From William Shakespeare in Southwark to Bob Marley in Neasden, London’s been home to the greatest of the great
Oscar Wilde once said: “The man who can dominate a London dinner-table can dominate the world.”
Could he have imagined the dominance he would have over the city’s literary scene a century later?
The playwright lived at 16 Tite Street in Chelsea with wife Constance and their two sons, Cyril and Vyvyan, after the couple got married in St James’s Church, Paddington in May 1884.
London not only enjoys Wilde’s plays today but also celebrates his infamous brushes with the law.
His arrest in 1895 is glorified through a special package in room 118 at Cadogan Hotel.
Named “Green Carnation”, after the dyed buttonhole which was Wilde’s wardrobe essential, the package lets you stay in the exact room where he sat, drunk, waiting for the police to arrive, having been caught “in the act of gross indecency with another man”. He subsequently spent two years contemplating his crimes in Reading Gaol.
Guests at the Cadogan can spend a day Wilde-style wearing a replica of his smoking jacket, drinking a bottle of his favourite pink Perrier Jouet and feasting from a menu dedicated to his favourite treats, including absinthe and Victoria sandwich sponge cake. You can still buy a pack of smokes from James J Fox Cigar merchant on St James’s Street, which supplied cigarettes to Wilde, a 100-a-day smoker.
Anyone eager to follow in Wilde’s stride can relive the drama of his life with the London of Oscar Wilde walk every Saturday, which starts outside Green Park Tube station.
From her childhood slate at the Florence Nightingale Museum at St Thomas’ Hospital to South Street, off Park Lane, where her house once stood, London in itself is a museum of The Lady With The Lamp.
Despite the silver spoon wedged in her mouth, Florence wasn’t interested in the affluent Mayfair society and went onto be a “ministering angel” for soldiers in Scutlari, Turkey in 1854.
She laid the foundation of her nursing school at London’s St Thomas’ Hospital, now part of King’s College London, in 1860.
Known to be finicky about cleanliness, Nightingale bought nosegay to keep bad smells at bay from a Saville Row perfumery that is still around today. It’s amazing to think Florence is behind the “Always wash your hands” advice we see plastered all over our hospitals.
She died in her sleep in her room at 10 South Street. Her relatives declined an offer of burial in Westminster Abbey, deciding to honour her simplicity with a far more low-key affair.
As her statue stands in Waterloo Place, Westminster, Florence Nightingale will always be one of London’s all-time greatest residents.
He regarded the capital as his second base and “spiritual home”, but few know of Bob Marley’s jam sessions in London.
Marley and his band, The Wailers, came to London in 1971 after signing a publishing deal with singer Bobby Nash.
The band first stayed in one room at a Bayswater B&B-style hotel. But happily they were soon signed by CBS and, with a bit of money at their disposal, they moved to The Circle, a far more luxurious abode, in Neasden.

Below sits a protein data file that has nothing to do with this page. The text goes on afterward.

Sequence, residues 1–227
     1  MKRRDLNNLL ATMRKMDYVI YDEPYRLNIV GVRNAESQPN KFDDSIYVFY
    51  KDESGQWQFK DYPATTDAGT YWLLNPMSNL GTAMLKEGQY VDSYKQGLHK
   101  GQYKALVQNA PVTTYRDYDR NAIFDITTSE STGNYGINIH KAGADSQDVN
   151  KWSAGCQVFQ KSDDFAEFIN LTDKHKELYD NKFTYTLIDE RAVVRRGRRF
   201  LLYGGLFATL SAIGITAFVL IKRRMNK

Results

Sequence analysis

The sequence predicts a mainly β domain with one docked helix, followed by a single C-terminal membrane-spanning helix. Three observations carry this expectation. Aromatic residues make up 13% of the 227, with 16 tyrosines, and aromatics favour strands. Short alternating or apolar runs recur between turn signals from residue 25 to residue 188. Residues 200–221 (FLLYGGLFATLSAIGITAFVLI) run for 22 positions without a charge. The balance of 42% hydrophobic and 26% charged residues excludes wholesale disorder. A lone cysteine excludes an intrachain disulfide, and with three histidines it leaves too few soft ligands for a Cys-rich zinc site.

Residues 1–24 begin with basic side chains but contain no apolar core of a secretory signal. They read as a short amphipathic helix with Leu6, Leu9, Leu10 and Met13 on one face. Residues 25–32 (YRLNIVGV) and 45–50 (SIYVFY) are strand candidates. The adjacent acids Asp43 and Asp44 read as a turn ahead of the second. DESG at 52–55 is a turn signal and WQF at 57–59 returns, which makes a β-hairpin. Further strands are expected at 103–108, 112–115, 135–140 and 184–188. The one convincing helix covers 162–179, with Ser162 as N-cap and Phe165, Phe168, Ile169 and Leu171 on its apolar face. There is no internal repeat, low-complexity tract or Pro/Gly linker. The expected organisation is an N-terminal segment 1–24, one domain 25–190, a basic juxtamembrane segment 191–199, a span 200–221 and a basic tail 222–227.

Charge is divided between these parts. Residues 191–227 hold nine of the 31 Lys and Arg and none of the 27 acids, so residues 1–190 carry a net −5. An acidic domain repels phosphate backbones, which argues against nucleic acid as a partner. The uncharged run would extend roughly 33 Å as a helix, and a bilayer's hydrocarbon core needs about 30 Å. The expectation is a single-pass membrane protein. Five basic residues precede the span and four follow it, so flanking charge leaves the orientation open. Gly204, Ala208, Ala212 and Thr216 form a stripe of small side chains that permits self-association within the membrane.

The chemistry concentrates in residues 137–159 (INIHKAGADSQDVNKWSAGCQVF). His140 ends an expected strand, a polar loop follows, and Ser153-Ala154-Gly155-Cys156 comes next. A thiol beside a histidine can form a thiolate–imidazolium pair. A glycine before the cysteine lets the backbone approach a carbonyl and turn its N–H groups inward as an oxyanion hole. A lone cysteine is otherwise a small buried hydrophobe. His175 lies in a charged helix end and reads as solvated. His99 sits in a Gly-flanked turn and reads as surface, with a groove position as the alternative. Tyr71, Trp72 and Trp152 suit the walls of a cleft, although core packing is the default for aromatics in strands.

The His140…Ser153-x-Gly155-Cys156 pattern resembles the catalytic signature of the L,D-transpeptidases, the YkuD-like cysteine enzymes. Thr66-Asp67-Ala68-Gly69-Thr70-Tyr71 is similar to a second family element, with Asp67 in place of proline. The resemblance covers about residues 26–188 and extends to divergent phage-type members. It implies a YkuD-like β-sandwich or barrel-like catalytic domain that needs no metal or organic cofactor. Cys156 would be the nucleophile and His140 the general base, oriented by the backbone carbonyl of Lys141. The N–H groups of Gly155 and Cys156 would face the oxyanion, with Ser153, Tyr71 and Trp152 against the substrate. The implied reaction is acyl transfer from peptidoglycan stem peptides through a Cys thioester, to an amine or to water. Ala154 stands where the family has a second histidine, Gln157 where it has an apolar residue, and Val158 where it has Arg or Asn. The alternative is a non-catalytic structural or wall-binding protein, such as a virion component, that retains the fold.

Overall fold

Desperate to make it, Marley and the Wailers performed at the gym at Peckham Manor School, Cator Street where Island Records head honcho Chris Blackwell spotted the band and they rose to fame.
The Wailers also performed at the Lyceum Ballroom at Wellington Street, today flooded with families watching The Lion King. The gig sold out in two hours and was described by members of the audience as “a religious experience”.
By 1977, Marley had become a reggae legend and hung out in a swanky house in Oakley Street, Chelsea, on one of his last stays in London.
He may have been dead for 30 years, Bob Marley’s songs still echo in pubs, theatres and the headphones of countless Londoners.
Stratford-upon-Avon remains Shakespeare’s birth place but the British playwright loved London. From the Castle Inn (today’s Anchor) to the Elephant at the end of Horseshoe Lane, landmarks of London made many a guest appearances in his plays.
By 1594-5 he was penning his masterpieces very much as a Londoner. Once the cash started rolling in he moved to a house in Bishopsgate.
Shakespeare also stayed in Paris Gardens, Southwark, where he and Francis Langley, the owner of the Swan Theatre, were named in a summons for violence. By spring 1599, he was living in a house on the construction site of the Globe theatre, Southwark, and he may have also lived in Liberty of the Clink, near the Borough Market.
London may seem too preoccupied for love but Shakespeare wrote Romeo and Juliet here – there must be romance in the air!
Now resting in London’s Highgate cemetery, Karl Marx never saw his philosophies being practised.
Marx moved to 28 Dean Street, London in 1849 and paid £22 a year as rent. He and his family lived in poverty as Marx made little money through contributions to various newspapers, including the New York Tribune.
He got heavily involved with the socialist German Workers’ Educational Society who held their meetings in Great Windmill Street, Soho.
After a long day planning the blue-collar revolution, Marx would enjoy a drink or ten at the Mueseum Tavern, a pub opposite the British museum. Marx was often part of wild pub crawls in London with visiting German revolutionaries.
Known as “the bible of the working class”, volumes II and III of Das Kapital were published posthumously by Marx’s confidante, Friedrich Engels. After the death of his wife Jenny, Marx kept to himself and succumbed to bronchitis in1883.
<arx has ‘Workers of all lands unite’ engraved on his tombstone, topped by a bust of himself. Quite fitting for someone who has left an indelible mark on London.